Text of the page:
Melanie Griffith proves a strangely inspired choice for the role of Dr. Dupre, a robotics specialist who first notices when one of her robots Cleo (also voiced by Griffith) starts making self-repairs. Griffith, playing what could almost be an older version of the character she played in the cult hit “Cherry 2000”, is a strange sight to behold with her stretched, plastic surgery-enhanced features, but it suits the story eerily well, and she’s fairly convincing. But the majority of the cast is an ill fit for the material.

Robert Forster and Dylan McDermott are simply in the wrong movie, and can’t decide if they take things seriously or not. It doesn’t help that they get the script’s worst lines and don’t make much of an effort to sell them. The same can be said for many of the bit players, particularly the gun-toting heavies who follow Vaucan and the droids into the wasteland.

On the other hand, and I’m not sure if this is ironic, the robot characters are the high point of the film. Unlike the swan-like, butter-faced robots of “I, Robot” or the almost techno-magical androids of “Blade Runner” and the like, the machines here are pretty believable. They move slowly and methodically, and much of their interaction with Vaucan feels plausible.

Ibanez does a nice job of keeping the robot dialogue minimal and logical, and after a while they seem less like simple machines and more like advanced beings who prefer to communicate with humans as an adult would to a child. Most of the human beings in the story are terrified of what might happen if this band of rogue robots evolves even further, of course, and are willing to destroy them to keep that from happening. So much like in the better earthbound “Planet of the Apes” films, the tragic underdogs are the non-human characters, and by film’s end it’s clear who (or what) the filmmakers believe will eventually prevail.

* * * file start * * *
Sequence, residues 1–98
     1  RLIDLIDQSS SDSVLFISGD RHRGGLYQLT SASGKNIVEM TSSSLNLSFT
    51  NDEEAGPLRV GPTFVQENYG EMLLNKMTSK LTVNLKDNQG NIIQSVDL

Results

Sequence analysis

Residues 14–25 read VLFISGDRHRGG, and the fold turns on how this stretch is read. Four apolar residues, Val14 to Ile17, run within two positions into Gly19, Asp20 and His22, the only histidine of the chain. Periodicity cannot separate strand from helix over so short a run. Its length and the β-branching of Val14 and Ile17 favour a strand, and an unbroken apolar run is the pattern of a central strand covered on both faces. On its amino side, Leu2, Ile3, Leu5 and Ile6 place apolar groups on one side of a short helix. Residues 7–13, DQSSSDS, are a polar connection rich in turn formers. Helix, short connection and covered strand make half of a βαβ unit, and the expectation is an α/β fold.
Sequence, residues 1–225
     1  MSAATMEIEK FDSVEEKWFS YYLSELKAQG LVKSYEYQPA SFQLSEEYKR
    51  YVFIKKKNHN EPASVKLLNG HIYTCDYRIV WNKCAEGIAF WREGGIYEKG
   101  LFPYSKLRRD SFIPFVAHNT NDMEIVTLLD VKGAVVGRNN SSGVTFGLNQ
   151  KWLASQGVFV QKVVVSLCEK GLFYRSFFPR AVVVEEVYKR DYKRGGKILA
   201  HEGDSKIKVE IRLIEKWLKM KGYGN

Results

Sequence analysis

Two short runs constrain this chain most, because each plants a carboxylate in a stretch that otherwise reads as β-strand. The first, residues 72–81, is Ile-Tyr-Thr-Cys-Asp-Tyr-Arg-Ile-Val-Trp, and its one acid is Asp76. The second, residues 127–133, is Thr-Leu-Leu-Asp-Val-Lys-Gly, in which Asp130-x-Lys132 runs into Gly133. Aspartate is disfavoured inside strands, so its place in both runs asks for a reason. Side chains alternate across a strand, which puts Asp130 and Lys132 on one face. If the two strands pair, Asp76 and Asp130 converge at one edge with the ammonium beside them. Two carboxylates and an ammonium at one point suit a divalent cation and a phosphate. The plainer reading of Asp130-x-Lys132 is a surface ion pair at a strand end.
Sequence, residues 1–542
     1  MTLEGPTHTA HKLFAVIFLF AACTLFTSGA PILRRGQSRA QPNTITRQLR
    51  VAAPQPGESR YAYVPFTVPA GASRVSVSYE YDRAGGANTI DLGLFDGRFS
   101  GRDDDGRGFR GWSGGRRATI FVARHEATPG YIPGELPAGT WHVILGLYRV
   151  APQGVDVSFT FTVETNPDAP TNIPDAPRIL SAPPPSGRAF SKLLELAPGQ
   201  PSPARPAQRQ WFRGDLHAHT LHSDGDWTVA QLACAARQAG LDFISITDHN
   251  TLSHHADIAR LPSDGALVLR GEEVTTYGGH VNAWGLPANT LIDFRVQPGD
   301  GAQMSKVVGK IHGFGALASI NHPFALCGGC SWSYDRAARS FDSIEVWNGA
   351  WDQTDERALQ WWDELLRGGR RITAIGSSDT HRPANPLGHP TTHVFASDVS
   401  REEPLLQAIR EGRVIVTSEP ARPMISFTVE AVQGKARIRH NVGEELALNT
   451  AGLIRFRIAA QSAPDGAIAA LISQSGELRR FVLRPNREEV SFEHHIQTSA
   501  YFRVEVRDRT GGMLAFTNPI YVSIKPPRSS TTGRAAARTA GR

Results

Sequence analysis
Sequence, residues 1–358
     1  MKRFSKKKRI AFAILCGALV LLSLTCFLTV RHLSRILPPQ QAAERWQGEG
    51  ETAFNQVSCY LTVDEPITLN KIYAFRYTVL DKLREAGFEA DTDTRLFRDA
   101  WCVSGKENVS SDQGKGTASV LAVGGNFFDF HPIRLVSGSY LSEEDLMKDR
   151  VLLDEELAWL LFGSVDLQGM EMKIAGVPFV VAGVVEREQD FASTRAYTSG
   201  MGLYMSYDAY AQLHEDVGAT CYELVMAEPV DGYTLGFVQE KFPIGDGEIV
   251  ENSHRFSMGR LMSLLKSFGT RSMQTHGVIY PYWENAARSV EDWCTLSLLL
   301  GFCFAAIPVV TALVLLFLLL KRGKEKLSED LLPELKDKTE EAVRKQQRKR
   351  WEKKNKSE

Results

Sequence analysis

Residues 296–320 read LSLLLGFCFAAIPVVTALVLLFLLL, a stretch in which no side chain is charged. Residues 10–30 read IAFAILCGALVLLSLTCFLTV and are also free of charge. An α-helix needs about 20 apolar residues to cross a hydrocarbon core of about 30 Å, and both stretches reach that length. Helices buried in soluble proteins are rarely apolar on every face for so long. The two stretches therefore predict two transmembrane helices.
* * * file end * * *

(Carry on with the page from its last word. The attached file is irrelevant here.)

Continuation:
In my opinion, “Automata” is a good but not great improvement on the safe and watered-down take on the Singularity we’ve seen in such Hollywood fare as “I, Robot” and “Transcendence”, but doesn’t rank as high, and doesn’t offer the same thrills as “Blade Runner” or Caradog James’ “The Machine”. But it does keep the cinematic conversation headed in the right direction.



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Frodo (3 years ago) Reply

Just a point that nobody seems to get about the replicants in Blade Runner - they're ORGANIC synthetic humans, not androids or cyborgs... the book has android animals and the like, but the replicants in the movie are definitely organisms... hence the more immediate ethical questions, as they're 'more human than human' ;)
Pity about this movie if the reviewer is correct, although I thought 'The Machine' was a clumsy narrative, as this one looks to be.
Oh, and don't forget the beautiful Animatrix stories of synthetic intelligence evolving... the two-part animation of how the Matrix came to be, from rebel butler robot to global domination, it's better than the two sequels combined...

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Koolz (3 years ago) Reply

Japan has already created Life Like Robots with Doll like faces. That's nothing compared to what they do with Holograms now(Full Concerts with a singer being a hologram and turning into an IDOL.)
This movie sounds pretty good I'll check it out. Robots are further along then people know.